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May 31, 2006 Meeting Notes for BIP #9: Public Involvement

1.  Greetings/Review of the Agenda/Handouts

Members Present: Eileen Argentina, JoAnn Bowman, Megan Callahan, Lynne Coward,  Cameron Vaughan-Tyler.

Members Not Present:  Art Alexander, Laurel Butman, Sue Diciple, Christine Egan, Gay Greger, Tim Hall, Barbara Hart, Brian Hockaday, Brian Hoop, Beth Kaye, Elizabeth Kennedy-Wong, Sandra LeFrancois, Marsha Palmer, Rick Williams, Karen Withrow.

Staff: Maija Spencer                                                  Guests:  John Ryan, Kate Warren

It was decided, due to low attendance, to move the toolbox discussion (the main part of the agenda) to the June meeting.   

It was asked what the timeline for BIP #9 is.  At the beginning, members were asked for a year commitment, which means through August this year.  The team needs to evaluate what we can finish between now and then.

2.  Public Comments

John asked about other resources regarding psychological and community aspects of different tools.  The group shared various models that the group looked at earlier, such as the Warringah model.

3.  Notes from April 26th 

Notes will be approved at the June meeting, when more members are in attendance.

4.  Outreach/Feedback Plan

Eileen gave an update on the coordination of BIP’s #1 visonPDX, #8 Restructuring of Neighborhood System, #9 (this group) & #20 Charter Review.  The leads of all these groups are working to coordinate efforts, especially regarding public outreach, and ensure all four final products relate in some way.

The group discussed how to get our products reviewed, including:


  • visionPDX’s subcommittee on engagement
  • internal review with City staff
  • PBA’s committees – government affairs, downtown retail council, transportation, etc., but they don’t meet in July or August.  Cameron can look into June agendas.
  • a public event open to all, such as a forum
  • a forum within another event – perhaps a visionPDX or BIP #8 event
  • employee brown bags
  • cable access, Powerpoint
  • case studies/role playing
  • neighborhood coalitions directors –monthly meeting or meet with one-on-one
  • Metro committee on citizen involvement (interested in creating sub-committee with BIP #9).
  • JoAnn & Eileen will meet with all the Comissioners

Let Maija know if you’re interested in representing BIP #9 at a future vision PDX’s engagement subcommittee meeting or other committee meetings. 

5.  Reporting to BIP Implementation Meeting

In August, JoAnn and Eileen will give a status update on BIP #9 to the BIP Implementation Team, which is made up of City Council and all Bureau Directors.

6.  Public Comments

Kate Warren, who is now chair of Metro’s Citizen Involvement Committee, will double check our list of tools with the list their committee brainstormed.  She shared Metro’s template for a public involvement plan, and also brought an example of a plan that was recently done.  There are certain threshold questions that lead to the need for a plan, such as funding, affect on public, etc.  The public involvement plans all get reviewed by her committee, both at the beginning and at various points during the project.  The plan provides an easy tool for check-ins, as it has a calendar section with milestones for the project.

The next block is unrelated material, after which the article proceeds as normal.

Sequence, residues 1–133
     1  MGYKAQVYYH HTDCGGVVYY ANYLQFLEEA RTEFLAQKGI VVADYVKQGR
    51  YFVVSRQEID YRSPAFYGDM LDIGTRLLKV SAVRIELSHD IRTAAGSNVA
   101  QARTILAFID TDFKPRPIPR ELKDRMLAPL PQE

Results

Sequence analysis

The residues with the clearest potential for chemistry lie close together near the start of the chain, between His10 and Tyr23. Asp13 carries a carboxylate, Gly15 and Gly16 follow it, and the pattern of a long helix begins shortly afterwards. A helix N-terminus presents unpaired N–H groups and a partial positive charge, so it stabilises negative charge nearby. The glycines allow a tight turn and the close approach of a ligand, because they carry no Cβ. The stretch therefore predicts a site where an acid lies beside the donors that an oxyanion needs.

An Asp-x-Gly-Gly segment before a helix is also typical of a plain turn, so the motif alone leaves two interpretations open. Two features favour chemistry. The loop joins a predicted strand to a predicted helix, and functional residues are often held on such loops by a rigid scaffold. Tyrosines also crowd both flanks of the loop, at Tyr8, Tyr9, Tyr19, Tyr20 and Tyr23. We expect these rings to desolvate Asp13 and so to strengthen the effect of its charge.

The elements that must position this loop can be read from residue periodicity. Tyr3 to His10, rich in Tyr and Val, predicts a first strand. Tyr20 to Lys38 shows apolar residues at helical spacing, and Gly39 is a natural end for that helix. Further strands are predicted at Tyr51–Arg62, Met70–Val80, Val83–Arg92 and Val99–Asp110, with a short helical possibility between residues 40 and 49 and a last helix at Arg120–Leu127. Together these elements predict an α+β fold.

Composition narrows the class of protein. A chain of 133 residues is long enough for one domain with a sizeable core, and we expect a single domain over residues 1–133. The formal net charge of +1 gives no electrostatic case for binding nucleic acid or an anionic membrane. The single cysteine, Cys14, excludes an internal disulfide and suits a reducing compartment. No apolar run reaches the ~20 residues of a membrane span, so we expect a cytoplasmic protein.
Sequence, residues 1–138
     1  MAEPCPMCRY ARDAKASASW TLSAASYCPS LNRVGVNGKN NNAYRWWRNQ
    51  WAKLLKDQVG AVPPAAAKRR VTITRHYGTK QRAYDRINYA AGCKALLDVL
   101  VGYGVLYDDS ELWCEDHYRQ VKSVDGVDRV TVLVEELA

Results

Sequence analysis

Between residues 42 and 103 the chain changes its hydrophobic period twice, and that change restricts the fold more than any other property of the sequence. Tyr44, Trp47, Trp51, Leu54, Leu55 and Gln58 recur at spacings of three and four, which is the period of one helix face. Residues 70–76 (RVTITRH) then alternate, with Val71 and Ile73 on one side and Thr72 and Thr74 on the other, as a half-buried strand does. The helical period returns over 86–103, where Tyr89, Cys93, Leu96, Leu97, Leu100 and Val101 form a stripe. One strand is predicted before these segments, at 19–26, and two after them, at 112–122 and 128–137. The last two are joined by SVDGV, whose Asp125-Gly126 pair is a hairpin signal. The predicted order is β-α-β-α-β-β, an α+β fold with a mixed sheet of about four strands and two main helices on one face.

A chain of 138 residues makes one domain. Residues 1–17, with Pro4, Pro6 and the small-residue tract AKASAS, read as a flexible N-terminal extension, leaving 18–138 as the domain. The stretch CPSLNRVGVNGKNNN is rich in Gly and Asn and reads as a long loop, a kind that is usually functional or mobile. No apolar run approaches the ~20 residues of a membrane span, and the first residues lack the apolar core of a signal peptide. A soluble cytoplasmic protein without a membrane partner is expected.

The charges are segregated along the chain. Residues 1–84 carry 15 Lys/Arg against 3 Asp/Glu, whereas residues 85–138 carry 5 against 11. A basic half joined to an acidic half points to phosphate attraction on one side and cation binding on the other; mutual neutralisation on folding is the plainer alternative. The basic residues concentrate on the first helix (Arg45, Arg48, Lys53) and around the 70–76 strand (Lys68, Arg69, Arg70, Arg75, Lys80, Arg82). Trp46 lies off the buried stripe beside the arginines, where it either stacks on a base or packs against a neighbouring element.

Metro’s oversight committee exists all the time and can’t be dissolved.  It’s attached to Goal 1 (public involvement) for Metro.  Committee members are sometimes appointed by Metro council, and others are volunteers who actively apply.  Metro requires a screening and application that is reviewed by the public involvement office at Metro.  It also goes through the Metro councilors, and applicants usually are interviewed by a Metro official (such as David Bragdon).  There is a staff person for the committee. 

BIP #9 could recommend a similar process – requiring public involvement plans along with a central oversight committee, such as Metro has.  Would that committee be appointed by city council?  How can BIP #9 institutionalize what we want but not overdo it with too many citywide committees or bureaucratic structures?  It needs to be a citizen committee – not just internal committee – to get the proper scrutiny of plan.  The idea of a citywide public involvement committee is interesting, but there would be obvious challenges such as the membership make-up, who staffs it, and who pays for it.  Evaluation of projects once they are over should also occur.

It was also mentioned that at most levels of government, there is a check off list of things to do before submitting any legislation.  Perhaps a public involvement plan could be one of these items. 

Eileen also shared that visionPDX will be collecting surveys between now and August.  There are many ways to give your input – you can do the survey online or participate in a group visioning exercise.  Contact visionPDX if you would like to host an event.